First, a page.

9 unexpected factors that impact whether your kid succeeds in school

High school graduationMario Tama/Getty Images

Kids are under a lot of pressure to make the most of their education.

And while good teachers and healthy study habits no doubt help kids get better grades, so do a slew of factors out of students’ control.

Boosts can come from something as simple, yet vital, as a clean pair of clothes; or instilling in kids a mindset that tilts toward growth instead of rigidity.

Here are some of the more unexpected things that help students succeed.

1. How “gritty” they are

Paul White/AP Images

We say some people are “mentally tough” or “gritty” as if these were mere personality traits. But UPenn psychologist Angela Duckworth has found that stick-with-it quality to be vitally important in accomplishing goals.

Duckworth’s research has found the kids who do the best in life learn how to cultivate this skill of resilience.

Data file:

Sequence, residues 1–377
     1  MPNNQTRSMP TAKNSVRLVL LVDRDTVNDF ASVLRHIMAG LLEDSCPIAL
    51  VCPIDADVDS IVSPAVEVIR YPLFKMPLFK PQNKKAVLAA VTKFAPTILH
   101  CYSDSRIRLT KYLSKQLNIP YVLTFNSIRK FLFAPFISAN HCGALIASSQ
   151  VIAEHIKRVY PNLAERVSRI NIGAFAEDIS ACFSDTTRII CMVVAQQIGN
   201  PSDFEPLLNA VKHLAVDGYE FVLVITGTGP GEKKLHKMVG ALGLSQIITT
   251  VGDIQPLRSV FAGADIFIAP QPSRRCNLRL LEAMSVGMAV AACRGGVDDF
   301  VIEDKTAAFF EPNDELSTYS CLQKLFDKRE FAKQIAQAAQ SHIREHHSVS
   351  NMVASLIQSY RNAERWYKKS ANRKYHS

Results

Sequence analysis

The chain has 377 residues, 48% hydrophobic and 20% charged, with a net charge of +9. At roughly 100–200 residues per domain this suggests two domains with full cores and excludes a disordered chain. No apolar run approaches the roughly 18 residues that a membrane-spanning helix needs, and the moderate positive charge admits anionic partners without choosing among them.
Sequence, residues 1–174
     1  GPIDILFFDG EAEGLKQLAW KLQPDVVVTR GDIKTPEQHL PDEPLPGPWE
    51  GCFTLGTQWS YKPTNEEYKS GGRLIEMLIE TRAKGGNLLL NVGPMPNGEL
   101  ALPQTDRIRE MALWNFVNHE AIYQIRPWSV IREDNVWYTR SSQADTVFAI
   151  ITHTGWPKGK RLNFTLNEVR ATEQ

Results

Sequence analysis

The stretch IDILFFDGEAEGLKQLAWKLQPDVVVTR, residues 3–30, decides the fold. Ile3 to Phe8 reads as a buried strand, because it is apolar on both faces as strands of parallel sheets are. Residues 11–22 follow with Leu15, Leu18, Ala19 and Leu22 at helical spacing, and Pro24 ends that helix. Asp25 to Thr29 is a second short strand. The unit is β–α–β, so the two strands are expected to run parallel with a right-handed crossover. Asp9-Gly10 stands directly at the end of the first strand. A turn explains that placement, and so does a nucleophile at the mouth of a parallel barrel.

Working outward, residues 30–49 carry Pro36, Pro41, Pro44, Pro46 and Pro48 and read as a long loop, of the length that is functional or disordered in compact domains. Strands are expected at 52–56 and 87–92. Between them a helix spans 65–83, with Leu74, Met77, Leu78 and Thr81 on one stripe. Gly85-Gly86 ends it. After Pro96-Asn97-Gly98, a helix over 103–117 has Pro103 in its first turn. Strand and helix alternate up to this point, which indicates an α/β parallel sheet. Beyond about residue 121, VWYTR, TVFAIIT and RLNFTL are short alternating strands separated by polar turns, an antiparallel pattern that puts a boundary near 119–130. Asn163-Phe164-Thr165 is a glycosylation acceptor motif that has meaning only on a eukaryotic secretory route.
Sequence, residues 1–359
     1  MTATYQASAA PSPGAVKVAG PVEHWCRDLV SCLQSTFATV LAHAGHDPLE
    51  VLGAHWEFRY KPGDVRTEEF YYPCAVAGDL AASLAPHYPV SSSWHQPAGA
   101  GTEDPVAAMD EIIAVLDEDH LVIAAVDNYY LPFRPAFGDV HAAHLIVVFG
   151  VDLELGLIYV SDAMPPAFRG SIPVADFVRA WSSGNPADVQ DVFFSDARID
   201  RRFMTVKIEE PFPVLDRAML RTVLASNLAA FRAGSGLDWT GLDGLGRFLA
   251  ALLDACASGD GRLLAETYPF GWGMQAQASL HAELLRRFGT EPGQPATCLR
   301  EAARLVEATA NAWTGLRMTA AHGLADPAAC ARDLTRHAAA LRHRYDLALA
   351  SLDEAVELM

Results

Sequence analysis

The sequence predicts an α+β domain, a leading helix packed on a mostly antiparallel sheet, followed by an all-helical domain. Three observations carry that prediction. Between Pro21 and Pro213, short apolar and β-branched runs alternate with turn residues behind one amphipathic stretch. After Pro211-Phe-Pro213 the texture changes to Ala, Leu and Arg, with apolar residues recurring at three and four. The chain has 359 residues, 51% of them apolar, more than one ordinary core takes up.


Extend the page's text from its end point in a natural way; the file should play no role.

In short, they know how to get back up after they fail.

2. Their attitude about themselves

Austin Kirk/flickr

Duckworth’s research is grounded in a larger mindset that parents can teach their kids, which comes from noted psychologist Carol Dweck.

Dweck found that high-achievement stemmed from “growth” mindsets, not “fixed” mindsets. Kids who learned to see themselves as capable of change – of growthexcelled far beyond those who saw themselves as inherently incompetent.

In school, this means learning from a bad grade for next time, not taking it as a sign of ominous things to come.

3. If they go to summer camp

Flickr / Richard Hurd

Summer camp appears to offer two unique benefits to students at different stages in life, according to research.

The first comes in camp’s ability to keep students engaged. Sociologists observe a “summer setback” among kids who spend their off-months at home, but a retention of learned knowledge among kids who stay active.

Other research has found the social lessons taught at sleepaway camps can make college a much easier adjustment later in life.


See the rest of the story at Business Insider

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